It is one of the objectives of the present invention to overcome the drawbacks and disadvantages of the prior art pressure boosters and to provide a pressure booster that uses line pressure as primary pressure source; that is light-weight and thus easily moved; and that, being manually operated, requires no electric power source, yet demands no physical effort beyond the shifting of a valving grip.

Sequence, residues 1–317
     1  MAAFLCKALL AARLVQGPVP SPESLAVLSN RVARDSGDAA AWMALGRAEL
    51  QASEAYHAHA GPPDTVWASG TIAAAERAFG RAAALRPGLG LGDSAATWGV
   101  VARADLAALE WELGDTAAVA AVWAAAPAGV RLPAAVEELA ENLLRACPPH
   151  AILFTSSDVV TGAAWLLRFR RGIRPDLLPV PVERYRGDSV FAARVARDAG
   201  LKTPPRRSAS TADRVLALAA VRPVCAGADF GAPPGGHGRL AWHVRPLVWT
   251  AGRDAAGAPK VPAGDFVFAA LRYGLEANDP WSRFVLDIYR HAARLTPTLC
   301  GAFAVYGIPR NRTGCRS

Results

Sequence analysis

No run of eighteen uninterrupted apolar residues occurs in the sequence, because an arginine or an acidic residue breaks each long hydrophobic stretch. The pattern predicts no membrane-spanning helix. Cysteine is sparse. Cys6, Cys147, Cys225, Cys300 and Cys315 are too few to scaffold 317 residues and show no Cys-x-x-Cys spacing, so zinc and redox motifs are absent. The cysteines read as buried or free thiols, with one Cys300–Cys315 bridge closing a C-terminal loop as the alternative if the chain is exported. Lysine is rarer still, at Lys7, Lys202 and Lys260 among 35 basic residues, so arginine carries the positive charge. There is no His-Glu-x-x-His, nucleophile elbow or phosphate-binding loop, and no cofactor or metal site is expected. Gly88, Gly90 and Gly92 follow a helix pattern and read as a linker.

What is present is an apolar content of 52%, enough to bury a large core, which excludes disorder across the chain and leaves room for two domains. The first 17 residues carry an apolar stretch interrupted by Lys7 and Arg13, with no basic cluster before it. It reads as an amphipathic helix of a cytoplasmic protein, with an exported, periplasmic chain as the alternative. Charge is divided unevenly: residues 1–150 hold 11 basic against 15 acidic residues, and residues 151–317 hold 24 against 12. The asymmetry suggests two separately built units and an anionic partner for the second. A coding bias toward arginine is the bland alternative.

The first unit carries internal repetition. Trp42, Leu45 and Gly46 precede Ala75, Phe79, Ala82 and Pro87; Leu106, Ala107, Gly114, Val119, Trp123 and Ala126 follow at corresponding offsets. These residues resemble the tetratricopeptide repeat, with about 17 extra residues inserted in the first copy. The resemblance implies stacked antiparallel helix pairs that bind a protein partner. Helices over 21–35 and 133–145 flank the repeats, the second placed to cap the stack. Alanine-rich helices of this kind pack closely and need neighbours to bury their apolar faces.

According to the invention, this is achieved by providing a liquid pressure booster comprising a head member with a low-pressure inlet connectable to a liquid source at mains pressure, a high-pressure outlet connectable to the object to be tested, and a central bore; a compound cylinder constituted by a first, upper, relatively small-diameter portion fluid-tightly attached to said head member and a second, lower, relatively large-diameter portion contiguous with said upper portion and closed off at its lower end by a bottom plate having a drain opening; a substantially hollow compound piston having two active portions: a first, relatively small-diameter portion fitting, and movable in, said first cylinder portion and adapted, when acting, to produce a relatively high pressure, and a second, relatively large-diameter portion, contiguous with said first portion, fitting, and movable in, said second cylinder portion, and adapted to be acted upon by a relatively low pressure; a central, at least partly hollow, valving bar actuatable from outside of said head member and movable in reciprocating translation between a first and a second position; a bistable valving sleeve slidably seated on said valving bar and movable in reciprocating translation between a first and a second position; first spring means for biasing said compound piston towards said bottom plate; second spring means for producing a snap-action impulse causing said bistable valving sleeve, in dependence of, and in coordination with, the movement of said compound piston, to alternate between said first and said second positions.